Getting Tough with Addicts Often Yields Best Treatment
> 8/15/2006 10:09:11 AM

At the level of the individual patient, no two addictions are the same, and so no two treatment plans will ever be identical. But some strategies have proven more effective than others. In her commentary in today's New York Times, Dr. Sally Satel addresses the idea of the firm hand in treatment. She writes:

Strict monitoring, with predictable and meaningful consequences, is so often the best medicine for people with addictions...

Swift response to infractions drives home the message that actions are taken seriously and that the addict controls his fate. Also, sanctions decrease the dropout rate from treatment.

While she writes more specifically about treatment in a criminal justice sphere, these same strategies are used very successfully in treating addicts in a clinical environment. In our New York office, a firm hand often comes in many forms: a breathalyzer left in the therapist's desk for testing before sessions or at randomly selected times, patient's surrendering their funds to therapists who control access to credit cards and bank accounts until trust has been regained or even drug tests in extreme cases.

But as Dr. William Hapworth, who has treated many addicts in various settings throughout his career, points out, these types of measures should only serve as a support to the doctor-patient relationship. "A key to understanding an addict is establishing a rapport with a patient over time and knowing his patterns. That is why it is so important for a patient to see one therapist over the course of treatment. Through the relationship, the therapist will begin to understand the motivations and the situations that will precipitate urges to use."

Dr. Hapworth sees drug testing as a very ineffective tool in the treatment process as he has never ordered a drug test that he wasn't sure of a positive result. As Satel says, it is still important that the patient understands that the test will be administered and that there will be real repercussions for the failure, but a deep understanding of the patient should render the test itself virtually pointless. Dr. Hapworth emphasizes that "compulsory drug testing should not take the place of individual or group long-term treatment, in the first year of recovery showing up is 90% of the battle and any departure from showing up should be seen as big trouble no matter what the excuse maybe".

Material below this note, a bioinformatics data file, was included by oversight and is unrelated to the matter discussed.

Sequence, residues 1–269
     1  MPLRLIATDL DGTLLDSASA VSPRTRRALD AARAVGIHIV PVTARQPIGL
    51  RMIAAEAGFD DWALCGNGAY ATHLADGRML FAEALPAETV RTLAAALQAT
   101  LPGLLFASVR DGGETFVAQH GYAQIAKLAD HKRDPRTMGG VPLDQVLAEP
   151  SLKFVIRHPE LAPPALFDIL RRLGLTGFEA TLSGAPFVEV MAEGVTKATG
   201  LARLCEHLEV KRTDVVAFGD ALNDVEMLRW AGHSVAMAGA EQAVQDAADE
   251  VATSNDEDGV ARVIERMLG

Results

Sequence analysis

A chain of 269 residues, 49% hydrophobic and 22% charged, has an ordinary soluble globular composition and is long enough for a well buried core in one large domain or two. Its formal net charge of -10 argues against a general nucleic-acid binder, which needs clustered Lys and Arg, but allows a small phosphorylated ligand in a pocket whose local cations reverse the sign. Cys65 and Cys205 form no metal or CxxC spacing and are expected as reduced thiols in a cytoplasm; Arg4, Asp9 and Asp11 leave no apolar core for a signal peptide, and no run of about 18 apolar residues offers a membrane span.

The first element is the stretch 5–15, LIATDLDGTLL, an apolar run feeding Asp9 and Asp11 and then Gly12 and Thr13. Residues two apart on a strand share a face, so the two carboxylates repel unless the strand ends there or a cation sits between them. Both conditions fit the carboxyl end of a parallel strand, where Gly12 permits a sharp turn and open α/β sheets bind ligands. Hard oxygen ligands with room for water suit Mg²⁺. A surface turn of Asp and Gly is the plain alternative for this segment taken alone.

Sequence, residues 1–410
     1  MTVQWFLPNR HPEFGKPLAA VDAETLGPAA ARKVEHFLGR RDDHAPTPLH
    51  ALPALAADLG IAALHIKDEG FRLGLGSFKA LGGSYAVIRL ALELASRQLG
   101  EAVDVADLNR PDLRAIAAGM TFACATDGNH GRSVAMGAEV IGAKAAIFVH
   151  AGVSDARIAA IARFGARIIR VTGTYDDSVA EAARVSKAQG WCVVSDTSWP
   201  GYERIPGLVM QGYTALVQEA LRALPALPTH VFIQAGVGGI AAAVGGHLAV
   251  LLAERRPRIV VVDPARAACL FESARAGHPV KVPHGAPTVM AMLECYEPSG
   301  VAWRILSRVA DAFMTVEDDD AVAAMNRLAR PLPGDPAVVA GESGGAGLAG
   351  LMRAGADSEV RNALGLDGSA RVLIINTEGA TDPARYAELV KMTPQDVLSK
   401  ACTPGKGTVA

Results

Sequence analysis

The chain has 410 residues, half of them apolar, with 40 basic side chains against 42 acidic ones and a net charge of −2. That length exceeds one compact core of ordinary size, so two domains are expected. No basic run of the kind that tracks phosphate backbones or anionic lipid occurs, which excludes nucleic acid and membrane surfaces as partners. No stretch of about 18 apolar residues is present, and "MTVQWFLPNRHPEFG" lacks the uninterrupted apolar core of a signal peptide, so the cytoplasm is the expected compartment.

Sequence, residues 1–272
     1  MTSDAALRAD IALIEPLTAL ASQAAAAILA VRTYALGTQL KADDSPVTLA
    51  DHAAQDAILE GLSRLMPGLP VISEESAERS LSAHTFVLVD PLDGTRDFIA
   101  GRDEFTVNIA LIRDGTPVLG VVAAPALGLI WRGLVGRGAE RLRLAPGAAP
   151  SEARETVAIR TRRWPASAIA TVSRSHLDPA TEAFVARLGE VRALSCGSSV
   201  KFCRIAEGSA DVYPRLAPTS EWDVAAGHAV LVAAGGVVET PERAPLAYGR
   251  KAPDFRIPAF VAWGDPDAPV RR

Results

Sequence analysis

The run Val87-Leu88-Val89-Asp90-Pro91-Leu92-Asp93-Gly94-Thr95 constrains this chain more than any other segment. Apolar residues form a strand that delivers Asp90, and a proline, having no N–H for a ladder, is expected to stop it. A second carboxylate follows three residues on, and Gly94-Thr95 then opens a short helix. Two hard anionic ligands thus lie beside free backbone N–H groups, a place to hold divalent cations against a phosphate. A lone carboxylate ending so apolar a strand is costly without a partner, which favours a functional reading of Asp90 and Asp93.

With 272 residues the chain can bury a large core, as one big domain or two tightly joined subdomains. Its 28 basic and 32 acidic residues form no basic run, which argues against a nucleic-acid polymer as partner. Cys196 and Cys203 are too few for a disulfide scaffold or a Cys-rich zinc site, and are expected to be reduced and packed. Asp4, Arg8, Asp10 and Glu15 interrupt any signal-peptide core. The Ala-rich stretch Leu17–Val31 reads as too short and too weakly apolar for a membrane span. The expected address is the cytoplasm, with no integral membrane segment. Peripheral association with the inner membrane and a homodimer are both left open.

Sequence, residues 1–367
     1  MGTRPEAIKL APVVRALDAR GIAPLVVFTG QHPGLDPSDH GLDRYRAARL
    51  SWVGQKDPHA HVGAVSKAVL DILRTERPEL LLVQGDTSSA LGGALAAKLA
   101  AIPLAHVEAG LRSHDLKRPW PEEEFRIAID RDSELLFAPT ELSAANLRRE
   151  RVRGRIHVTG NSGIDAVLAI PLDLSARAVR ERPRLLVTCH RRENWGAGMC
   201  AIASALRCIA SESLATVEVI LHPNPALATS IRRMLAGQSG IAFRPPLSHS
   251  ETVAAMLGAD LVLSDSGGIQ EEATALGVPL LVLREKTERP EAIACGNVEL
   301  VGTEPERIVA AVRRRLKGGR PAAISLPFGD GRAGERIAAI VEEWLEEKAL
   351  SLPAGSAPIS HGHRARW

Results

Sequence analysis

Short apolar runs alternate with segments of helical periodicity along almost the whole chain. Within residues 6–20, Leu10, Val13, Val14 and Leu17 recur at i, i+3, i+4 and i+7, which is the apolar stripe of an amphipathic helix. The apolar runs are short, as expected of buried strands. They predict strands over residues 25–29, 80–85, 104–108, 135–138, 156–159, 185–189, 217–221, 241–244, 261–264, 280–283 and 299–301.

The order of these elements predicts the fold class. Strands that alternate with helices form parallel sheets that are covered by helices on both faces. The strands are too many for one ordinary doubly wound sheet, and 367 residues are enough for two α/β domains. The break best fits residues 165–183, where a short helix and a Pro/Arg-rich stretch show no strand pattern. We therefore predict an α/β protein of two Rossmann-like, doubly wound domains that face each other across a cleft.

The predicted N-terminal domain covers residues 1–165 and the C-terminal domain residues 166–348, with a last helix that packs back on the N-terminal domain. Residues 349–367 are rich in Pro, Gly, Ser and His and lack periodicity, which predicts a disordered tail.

Satel sees coercion as a useful tool, and one that makes a client's desire to be clean almost meaningless. While in a punishment setting, this type of thinking is more valuable, in the clinical environment there must be more of a back and forth. Dr. Hapworth believes that every addict has his or her leverage points and these should be used to promote recovery. Certainly, a good therapist will use coercive measures to help a client move toward a better place, but understanding his patterns and defining the people, places and things associated with abuse can often prove more effective. Dr. Hapworth adds "Any loss of sobriety as the priority in the first year is a sign of relapse risk, drug dreams are an indication of imminent risk and addicts should report them immediately, but a most important relapse signal is the addict's tendency to isolate and not reach out to other people in recovery. The addict should form a network of people who are sober references and be open to their confrontation without responding defensively at the center of this network should be the addict who is ready willing and able to be challenged to prove his or her actions". This scenario varies from addict to addict but in the first year becomes a battle of great magnitude with high stakes for the addict and their loved ones.

Addiction is best tackled from multiple angles: AA or NA meetings, small group sessions and 24/7 support in an online environment. Each of these provides specific buttresses against urges to use. With these networks in place, and the stern backing of a treatment specialist, clients can and will achieve positive outcomes.

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